“I feel like music is a really powerful tool to make change. To empower people and share stories.” Beatrice Lewis speaks with wisdom and conviction. Her passion is infectious, and her story riveting.
She’s one of the four brilliant women who make up Kardajala Kirridarra (Sandhill Women) – a group who weave language, culture and history together in their music. They’ve touched the souls of many, and have taken their respective communities and wider Australia by storm.
A friend in Alice Springs piqued Lewis’ interest in support work among Indigenous communities. It was a fateful visit to the Bush Bands Bash some eight years ago that got the ball rolling. “It was the most amazing musical experience of my life. The music, people, all the old grandmas at the front shaking it. I was like, “Wow, what is this place? This is amazing.’
“After that, I really wanted to come up and meet some people, and share skills. I feel very much the humble student in the desert.”
Lewis has since spent much of her career in the desert, using “music and the arts as a tool for community development and self-empowerment.” In her time, she’s worked on MusicNT’s acclaimed programmes Sister Sounds and Desert Divas, but it was working on the Barkly Region Council’s Desert Cultures Project that laid the foundations for Kardajala. “Myself and some of the other facilitators were working with some older and young ladies talking story and making music.
“Then they said, ‘You should come to Marlinja and meet this woman called Eleanor Dixon. She has a really amazing voice, and I think you two would really get along.’ I was about to take a little break from going to the desert, because I have my own solo project that was going really well but as soon as I met Ellie I had to work with her.”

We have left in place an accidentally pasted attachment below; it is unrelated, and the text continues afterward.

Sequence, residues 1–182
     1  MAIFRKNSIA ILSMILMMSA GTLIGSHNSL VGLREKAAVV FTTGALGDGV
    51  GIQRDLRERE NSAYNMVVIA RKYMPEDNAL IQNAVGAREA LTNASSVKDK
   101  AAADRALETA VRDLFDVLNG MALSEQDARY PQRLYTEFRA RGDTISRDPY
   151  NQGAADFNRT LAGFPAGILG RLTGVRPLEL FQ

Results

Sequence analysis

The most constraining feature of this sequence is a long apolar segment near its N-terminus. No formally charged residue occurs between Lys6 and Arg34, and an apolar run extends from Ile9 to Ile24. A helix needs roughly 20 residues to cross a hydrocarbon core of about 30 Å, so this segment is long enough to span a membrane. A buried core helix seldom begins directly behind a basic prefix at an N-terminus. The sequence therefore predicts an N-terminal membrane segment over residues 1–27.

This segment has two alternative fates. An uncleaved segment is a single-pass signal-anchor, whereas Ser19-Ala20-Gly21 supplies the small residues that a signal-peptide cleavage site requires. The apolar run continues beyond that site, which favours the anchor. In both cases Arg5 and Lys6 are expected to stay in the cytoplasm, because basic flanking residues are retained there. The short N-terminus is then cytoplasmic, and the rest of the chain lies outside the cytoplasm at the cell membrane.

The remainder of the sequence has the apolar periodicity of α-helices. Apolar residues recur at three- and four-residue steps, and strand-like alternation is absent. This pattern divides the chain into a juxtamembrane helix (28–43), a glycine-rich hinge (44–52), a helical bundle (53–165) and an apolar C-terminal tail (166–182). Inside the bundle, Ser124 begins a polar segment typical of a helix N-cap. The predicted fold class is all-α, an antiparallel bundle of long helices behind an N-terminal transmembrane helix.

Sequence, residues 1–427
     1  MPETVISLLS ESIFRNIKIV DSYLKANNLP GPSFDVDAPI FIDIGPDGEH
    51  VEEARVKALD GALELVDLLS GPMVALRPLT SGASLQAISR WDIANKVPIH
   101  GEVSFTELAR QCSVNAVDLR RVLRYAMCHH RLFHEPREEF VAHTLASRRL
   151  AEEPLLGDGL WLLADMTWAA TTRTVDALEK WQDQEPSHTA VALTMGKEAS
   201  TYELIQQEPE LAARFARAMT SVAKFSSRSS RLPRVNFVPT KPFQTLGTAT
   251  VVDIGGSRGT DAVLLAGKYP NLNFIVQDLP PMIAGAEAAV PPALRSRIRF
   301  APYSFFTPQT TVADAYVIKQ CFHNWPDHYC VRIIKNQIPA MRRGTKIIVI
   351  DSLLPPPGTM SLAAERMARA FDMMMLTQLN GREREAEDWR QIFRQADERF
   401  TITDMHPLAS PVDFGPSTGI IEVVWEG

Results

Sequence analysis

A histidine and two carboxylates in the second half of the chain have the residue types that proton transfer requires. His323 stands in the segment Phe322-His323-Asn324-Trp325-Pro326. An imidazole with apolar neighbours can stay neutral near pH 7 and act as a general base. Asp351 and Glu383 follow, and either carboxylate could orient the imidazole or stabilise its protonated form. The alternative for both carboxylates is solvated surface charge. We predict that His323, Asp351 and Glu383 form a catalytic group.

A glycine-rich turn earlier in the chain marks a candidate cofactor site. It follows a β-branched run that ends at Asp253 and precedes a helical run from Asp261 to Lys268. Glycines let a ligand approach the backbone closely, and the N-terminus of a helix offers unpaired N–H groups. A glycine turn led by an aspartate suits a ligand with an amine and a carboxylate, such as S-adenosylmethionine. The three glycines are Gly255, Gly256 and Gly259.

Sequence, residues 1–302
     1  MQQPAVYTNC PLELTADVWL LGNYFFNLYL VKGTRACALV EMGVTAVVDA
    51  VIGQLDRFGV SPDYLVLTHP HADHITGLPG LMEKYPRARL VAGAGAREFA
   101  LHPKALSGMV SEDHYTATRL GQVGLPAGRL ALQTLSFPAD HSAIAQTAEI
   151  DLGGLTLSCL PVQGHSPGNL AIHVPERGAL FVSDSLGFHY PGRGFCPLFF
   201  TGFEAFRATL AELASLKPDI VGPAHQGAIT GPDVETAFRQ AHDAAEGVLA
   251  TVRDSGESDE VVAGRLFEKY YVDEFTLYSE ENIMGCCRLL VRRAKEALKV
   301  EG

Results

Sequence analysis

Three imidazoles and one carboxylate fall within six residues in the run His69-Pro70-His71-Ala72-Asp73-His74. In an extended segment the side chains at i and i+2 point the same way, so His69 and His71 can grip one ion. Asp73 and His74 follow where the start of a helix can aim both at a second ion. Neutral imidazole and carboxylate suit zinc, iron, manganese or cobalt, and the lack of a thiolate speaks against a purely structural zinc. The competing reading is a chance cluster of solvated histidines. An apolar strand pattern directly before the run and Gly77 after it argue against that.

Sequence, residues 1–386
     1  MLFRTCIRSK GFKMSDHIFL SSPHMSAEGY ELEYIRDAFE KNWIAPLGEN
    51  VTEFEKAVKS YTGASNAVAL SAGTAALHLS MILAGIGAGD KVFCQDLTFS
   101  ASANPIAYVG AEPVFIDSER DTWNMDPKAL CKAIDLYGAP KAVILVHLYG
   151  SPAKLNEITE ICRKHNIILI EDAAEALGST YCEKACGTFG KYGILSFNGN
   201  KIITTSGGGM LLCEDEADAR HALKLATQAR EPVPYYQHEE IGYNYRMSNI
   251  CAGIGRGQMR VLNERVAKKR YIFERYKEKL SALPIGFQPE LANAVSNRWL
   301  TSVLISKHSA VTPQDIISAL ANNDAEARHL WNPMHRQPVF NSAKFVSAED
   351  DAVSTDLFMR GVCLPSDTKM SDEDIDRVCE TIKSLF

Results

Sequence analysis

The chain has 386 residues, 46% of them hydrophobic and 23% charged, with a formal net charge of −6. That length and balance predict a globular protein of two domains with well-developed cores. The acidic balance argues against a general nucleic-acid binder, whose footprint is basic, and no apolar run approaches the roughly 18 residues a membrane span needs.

Meeting Eleanor was a very special experience for Lewis. “We started writing music together, I was very touched by her and felt very connected to her. The way that she translates ‘normala’ – the spirit of the country – through her music and her words, is really unique and special. I feel really lucky to work with her.”
From there, they reached out to Eleanor’s auntie Janey and began to collaborate with Kayla Jackson – a rapper in neighbouring community Kulumindini (Elliot). Kardajala Kirridarra was officially established.
Lewis lives in Melbourne, but spends a few months of her year in the Northern Territory. It’s a long commute: flying into Alice Springs, then driving eight or nine hours north to Kulumindini and Marlinja. By all means though, it’s worth it, with Lewis experiencing the natural beauty of the community all year round.
“I get to go up throughout all the different phases of the year – in the wet season, and the dry season, and the hot season. It’s cool to be out in country through all those different cycles because they’re so song-like.”
In addition to the thematic influences, these seasons literally shaped the sound of their self-titled record. “In the hot season, we’d have to record really quickly, because we’d have to turn the air conditioning off while we recorded. You’d have to quickly get a take, and then turn the air conditioning back on before you melted.
“I don’t know how it’d feel if we weren’t recording or writing in Marlinja. It feels like the country is so into music, it feels odd to think about writing it anywhere else.”
The beauty of Kardajala is their ability to break down barriers, imparting the beauty and wonders of Indigenous culture to audiences far and wide. This is a sentiment which Lewis holds dearly.
“It’s really important for Mudburra to be heard, and it’s really important for these women’s stories to be heard.
“The response has been very humbling and also really exciting. It makes me really believe in the goodness of Australia. And despite what’s happening in the political system and in this part of the world, in the hearts of a lot of Australians, there’s so much openness and will to learn and connect with culture. If that can happen through music, that’s awesome.”